Land speculator and enlightened climatologist Charles Dana Wilber’s book (1881)   laid the phrase down and an unusual few years of rainfall followed to cement the idea. The realistic and scientifically authoritative unconvinced Geologist John Wesley Powell  was commended by Easterners in Congress, whilst  Westerners took the opposite stand, one from Kansas is supposedly to have said, ‘ Whilst you’re out there acting in the interest of science and in the interest of professional bug hunting, leave the settlers upon our frontier alone’

Consumed by the railway construction crews and the wagon trains moving across the plains, buffalo herds shrank from some 40 million to about a thousand.  Enthusiastic homesteaders fenced in their land and towns developed. Seeds arrived along with farm machinery and the global marketplace opened up via the rail system. But, an ecological imbalance showed up when the droughts began and the Plains turned into The Dust Bowl at a time of The Great Depression.

But we all understand spin now … don’t we?  And lessons have been learnt … haven’t they?   Cue the tumbleweed.

Oh! Here comes the rain again…. No! it’s snowing!

(Image and Article credit: Copyright SUF)

American icon, embodiment and symbol of a pioneering, wild and free spirit with a choice of four wheels  or four hooves ; the Mustang is doing very well.

Ford, the Company behind the four wheeled version has shown profitable growth and, the feral horse contributor to alluring imagery of the Wild West, also has booming numbers. But the one that had been granted federal protection as ‘living symbols of the historical and pioneer spirit of the West’ is galloping towards controversy. 

Only a few decades after the cattle industry, started from the famous cattle drives following The Texas Revolution,  reached its height, the cowboy and his horse were confronted with changes to their culture; including  ‘in any colour so long as it’s black’  and the emergence of the motor industry.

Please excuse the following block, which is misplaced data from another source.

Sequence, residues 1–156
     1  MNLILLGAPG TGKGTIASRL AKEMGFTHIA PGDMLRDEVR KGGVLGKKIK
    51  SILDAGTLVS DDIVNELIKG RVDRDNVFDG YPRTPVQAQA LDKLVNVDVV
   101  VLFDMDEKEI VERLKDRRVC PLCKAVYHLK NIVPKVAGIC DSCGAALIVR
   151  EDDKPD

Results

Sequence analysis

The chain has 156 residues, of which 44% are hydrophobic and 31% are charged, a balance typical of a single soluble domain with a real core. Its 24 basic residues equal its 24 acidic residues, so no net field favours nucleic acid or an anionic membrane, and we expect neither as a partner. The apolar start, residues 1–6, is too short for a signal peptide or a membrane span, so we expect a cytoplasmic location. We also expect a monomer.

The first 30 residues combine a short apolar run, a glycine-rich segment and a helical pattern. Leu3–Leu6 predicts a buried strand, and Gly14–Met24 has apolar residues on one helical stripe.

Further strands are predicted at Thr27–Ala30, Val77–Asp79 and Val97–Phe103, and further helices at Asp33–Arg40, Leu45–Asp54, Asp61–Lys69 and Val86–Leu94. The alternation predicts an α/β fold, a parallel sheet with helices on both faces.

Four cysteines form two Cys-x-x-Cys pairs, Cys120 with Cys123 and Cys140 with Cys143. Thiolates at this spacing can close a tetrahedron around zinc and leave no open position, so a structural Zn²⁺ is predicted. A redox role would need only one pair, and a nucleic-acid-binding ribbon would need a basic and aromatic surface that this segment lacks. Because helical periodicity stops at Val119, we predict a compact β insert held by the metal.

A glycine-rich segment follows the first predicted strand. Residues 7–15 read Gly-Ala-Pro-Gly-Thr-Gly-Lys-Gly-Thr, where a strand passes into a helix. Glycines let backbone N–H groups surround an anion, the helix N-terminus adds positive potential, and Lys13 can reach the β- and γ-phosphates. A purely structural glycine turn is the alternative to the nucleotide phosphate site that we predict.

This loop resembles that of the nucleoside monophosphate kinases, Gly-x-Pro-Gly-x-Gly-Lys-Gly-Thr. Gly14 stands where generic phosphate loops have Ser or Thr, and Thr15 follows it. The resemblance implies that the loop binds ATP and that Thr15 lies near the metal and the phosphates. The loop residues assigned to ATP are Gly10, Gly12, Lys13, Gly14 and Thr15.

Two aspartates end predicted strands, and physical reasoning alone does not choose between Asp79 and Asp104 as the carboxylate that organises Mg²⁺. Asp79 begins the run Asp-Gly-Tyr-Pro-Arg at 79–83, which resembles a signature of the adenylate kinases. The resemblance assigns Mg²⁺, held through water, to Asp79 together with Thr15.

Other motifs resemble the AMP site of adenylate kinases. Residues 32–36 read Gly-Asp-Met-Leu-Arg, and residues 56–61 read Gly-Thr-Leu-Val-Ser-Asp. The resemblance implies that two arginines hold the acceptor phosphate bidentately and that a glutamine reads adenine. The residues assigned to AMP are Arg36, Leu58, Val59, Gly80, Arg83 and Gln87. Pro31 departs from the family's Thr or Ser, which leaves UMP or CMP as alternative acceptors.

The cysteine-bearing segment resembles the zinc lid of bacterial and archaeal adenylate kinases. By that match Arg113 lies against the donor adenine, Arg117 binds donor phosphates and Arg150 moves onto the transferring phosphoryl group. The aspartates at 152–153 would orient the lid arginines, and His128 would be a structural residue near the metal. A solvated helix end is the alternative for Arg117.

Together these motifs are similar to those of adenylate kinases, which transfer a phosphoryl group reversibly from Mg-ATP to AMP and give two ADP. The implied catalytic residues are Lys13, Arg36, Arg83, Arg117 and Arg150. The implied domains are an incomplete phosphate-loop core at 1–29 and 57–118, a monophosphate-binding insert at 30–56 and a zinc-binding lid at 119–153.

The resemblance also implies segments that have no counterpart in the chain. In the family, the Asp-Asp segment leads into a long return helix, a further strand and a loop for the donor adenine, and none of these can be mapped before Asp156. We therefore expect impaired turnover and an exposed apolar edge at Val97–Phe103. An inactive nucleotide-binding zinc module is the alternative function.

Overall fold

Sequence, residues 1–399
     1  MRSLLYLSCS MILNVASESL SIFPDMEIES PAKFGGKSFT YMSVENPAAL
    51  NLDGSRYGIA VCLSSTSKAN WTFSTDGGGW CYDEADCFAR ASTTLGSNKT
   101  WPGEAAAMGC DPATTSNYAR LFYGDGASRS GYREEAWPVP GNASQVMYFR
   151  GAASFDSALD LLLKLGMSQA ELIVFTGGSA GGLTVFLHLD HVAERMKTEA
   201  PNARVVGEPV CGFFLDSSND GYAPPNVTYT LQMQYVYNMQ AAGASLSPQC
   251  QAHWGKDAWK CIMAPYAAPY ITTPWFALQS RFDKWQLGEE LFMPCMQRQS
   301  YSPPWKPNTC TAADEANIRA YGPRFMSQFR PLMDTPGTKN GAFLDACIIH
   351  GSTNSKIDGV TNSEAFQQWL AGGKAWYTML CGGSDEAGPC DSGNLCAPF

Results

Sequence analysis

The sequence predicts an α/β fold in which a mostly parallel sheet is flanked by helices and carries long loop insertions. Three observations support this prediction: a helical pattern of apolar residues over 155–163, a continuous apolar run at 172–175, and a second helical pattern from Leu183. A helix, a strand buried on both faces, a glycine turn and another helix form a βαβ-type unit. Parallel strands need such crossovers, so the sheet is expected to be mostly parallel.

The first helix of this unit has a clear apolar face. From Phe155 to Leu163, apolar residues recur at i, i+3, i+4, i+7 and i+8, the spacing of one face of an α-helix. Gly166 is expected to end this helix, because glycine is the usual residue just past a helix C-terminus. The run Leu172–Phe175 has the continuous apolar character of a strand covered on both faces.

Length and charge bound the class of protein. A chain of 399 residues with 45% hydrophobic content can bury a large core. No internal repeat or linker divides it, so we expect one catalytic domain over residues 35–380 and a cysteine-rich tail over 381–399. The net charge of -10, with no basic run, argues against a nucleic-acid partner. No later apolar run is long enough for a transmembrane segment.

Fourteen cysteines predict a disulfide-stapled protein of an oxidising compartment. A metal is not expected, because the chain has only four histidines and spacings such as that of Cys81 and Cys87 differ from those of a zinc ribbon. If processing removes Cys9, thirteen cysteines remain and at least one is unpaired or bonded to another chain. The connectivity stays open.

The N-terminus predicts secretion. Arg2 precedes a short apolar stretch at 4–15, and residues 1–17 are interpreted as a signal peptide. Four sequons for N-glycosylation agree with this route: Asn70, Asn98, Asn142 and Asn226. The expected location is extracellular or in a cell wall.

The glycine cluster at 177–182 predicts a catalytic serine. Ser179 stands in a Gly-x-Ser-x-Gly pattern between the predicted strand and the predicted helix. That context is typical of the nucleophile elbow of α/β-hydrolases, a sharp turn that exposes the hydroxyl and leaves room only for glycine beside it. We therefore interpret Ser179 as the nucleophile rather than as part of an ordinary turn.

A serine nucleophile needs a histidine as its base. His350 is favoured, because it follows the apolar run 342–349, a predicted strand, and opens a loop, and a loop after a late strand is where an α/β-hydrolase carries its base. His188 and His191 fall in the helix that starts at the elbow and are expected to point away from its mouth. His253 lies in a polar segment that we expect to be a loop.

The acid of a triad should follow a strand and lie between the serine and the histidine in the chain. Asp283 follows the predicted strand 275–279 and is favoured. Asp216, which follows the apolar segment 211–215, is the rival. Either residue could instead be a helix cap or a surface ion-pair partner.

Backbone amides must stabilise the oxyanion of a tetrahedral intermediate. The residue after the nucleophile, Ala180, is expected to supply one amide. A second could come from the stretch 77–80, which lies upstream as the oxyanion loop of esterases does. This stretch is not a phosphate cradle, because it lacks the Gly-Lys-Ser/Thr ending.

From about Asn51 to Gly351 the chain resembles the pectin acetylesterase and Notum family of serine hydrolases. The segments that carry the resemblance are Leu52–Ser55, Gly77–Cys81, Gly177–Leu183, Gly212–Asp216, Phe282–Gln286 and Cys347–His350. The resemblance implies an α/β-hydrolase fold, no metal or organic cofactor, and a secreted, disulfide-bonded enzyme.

It’s interesting that only a couple of years after the Model T gave way to the Model A,  the Great Depression came about and, not only did the price of cars drop, many people couldn’t afford the fuel to run them. So, with a pioneering attitude horses were returned to pull engineless cars.

Following the most recent depression, recession, downturn or whatever, horse – power and horsepower is been explored again by artist Jeremy Dean’s project Back to the Futurama.  

Could a Hummer  and a Horse illustrate the beginning and end of imagination, all at the same time?  

 (Image and Article credit: Copyright SUF)

Market Recovery
A 100% commercial mortgage has been launched for the Medical Sector. This includes surgeries, pharmacies, opticians, care homes and nursing homes. Rates are comparable to residential mortgages so it is encouraging to see further movement within the marketplace.
The Enterprise Finance Guarantee
This continues to be expanded with one high street lender announcing that a further £88m is now available – Multiple bureaucratic hoops to jump through but this finance could assist where a lender cannot fully take a risk on a business proposal.
Tax Relief extensions
The pre-budget report announced that during 2010 – 2011 empty commercial properties will have tax relief, with those having a rateable value below £18,000 being exempt from business rates. There is also a deferral of the increase in corporation tax for smaller companies along with the Time To Pay Scheme being extended for `as long as is needed’. 
(Image and Article credit: Copyright SUF)